It’s never too early (or too late) to start thinking about your next travel destination. Despite having a travel wish list which includes countries like New Zealand, South Africa, and Greece, I also want to visit Southeast Asia. Not only is Southeast Asia tropic and budget-friendly, but the landscape is breathtaking! One of the countries that I’m looking forward to visiting is Indonesia. Comprised of 17,000 islands, Indonesia boasts pristine beaches, vibrant coral reefs, waterfalls, volcanoes and lush forests. Although Indonesia is known for Bali’s beaches and Ubud’s sacred temples, I’d also like to visit Jakarta Indonesia.
Indonesia by Scott Kuo
Jakarta is the capital of Indonesia and it is a huge metropolis (about the size of Singapore). It is one of the largest cities in the world and its infamous for traffic jams.
Many refer to Jakarta as “the city of contrasts” because it’s both traditional and modern. There’s also a large gap between the rich and poor. Luxury skyscrapers are right next to shantytowns and slums.
Sunset on Jakarta by Mazuu
With over 300 ethnic groups who speak 200 languages, discover the multicultural heritage of Jakarta!
Cultural Things To See In Jakarta Indonesia
Jalan Surabaya Antique Market
Antique brass, silver, and copper on display. Photo by Danumurthi Mahendra
One of the places that caught my eye in planning a trip to Jakarta is the Jalan Surabaya, an exotic antique market in central Jakarta. I love handcrafted ornaments, ceramics, and antique wood sculptures, so I wouldn’t want to miss visiting this market and picking up a few souvenirs. I would also relish the opportunity to talk to the merchants. I can only imagine the photos and stories I would have to share!
Cultural Significance: Jalan Surabaya has been around for over 40 years. Antiquing is a craft passed down from generation to generation. Most merchants at the market today are second generation traders. Before the market, merchants carried their crafts on their shoulders and sold their goods on the street.
City Bus Tours
Although I prefer getting to know a city intimately by foot, I can’t resist wanting to go on Jakarta’s free city tour bus – that’s right it’s completely free. This tour would help me get acquainted with the landscape and would bring lots of context to the capital’s historic sites.
Betawi Cultural Village
The Betawi are the indigenous people of Jakarta. They come from different races and ethnic groups including Chinese, Dutch, Indian, Arabic and Portuguese.
Cultural Significance: The Betawi Cultural Village of Setu Babakan preserves the indigenous Betawi culture. In this small village, I would marvel at original Betawi architecture, watch cultural performances and try the flavorful Indonesian cuisine.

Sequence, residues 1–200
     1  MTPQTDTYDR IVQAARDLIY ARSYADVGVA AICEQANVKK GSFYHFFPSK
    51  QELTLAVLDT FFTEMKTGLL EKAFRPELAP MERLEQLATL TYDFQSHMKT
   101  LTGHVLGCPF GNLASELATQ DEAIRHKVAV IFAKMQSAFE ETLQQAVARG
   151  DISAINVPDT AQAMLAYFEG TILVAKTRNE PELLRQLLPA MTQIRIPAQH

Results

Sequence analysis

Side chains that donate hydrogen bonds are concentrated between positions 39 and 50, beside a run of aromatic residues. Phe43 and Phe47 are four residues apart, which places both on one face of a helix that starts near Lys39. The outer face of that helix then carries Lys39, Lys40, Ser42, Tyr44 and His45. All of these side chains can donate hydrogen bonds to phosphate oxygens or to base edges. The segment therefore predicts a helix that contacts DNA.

Istiqlal Mosque and Jakarta Cathedral
Istiqlal Mosque by Ronggur Habibun
Jakarta is home to the Jakarta Catholic Cathedral and Istiqlal Mosque (Independence Mosque). These two spiritual places are right across from each other and symbolize religious harmony and tolerance.
Cultural Significance: Did you know that Indonesia has the largest Muslim population in the world!
Istiqlal Mosque is the largest mosque in Southeast Asia. It has five floors and a large prayer hall in the center of the dome. During my visit, I would book a free guided tour to learn more about Islam and its influence on local culture.
Places to Stay
Merlynn Park Hotel best rate: Merlynn Park Hotel is a centrally located 4-star hotel. With average rates of $46-$64 USD (based on a standard room), this is a good price for accommodations in Jakarta. Merlynn Park offers free breakfast, pool access and lots of other amenities that would make my stay relaxing.
Planning my trip to Indonesia made me realize that Jakarta Indonesia is more than just a gateway city. It deserves more than a day or two of exploration and I can’t wait to share my experience with you soon!
Resources: Other blog posts that I found helpful in planning my trip to Jakarta Indonesia.
Danielle is a travel finance strategist, author, speaker and podcaster. She paid off $63,000 of student loan debt in 4 years, bought a house at 27 and has traveled to 26 countries. She refuses to let her financial responsibilities hold her back from living life on her own terms.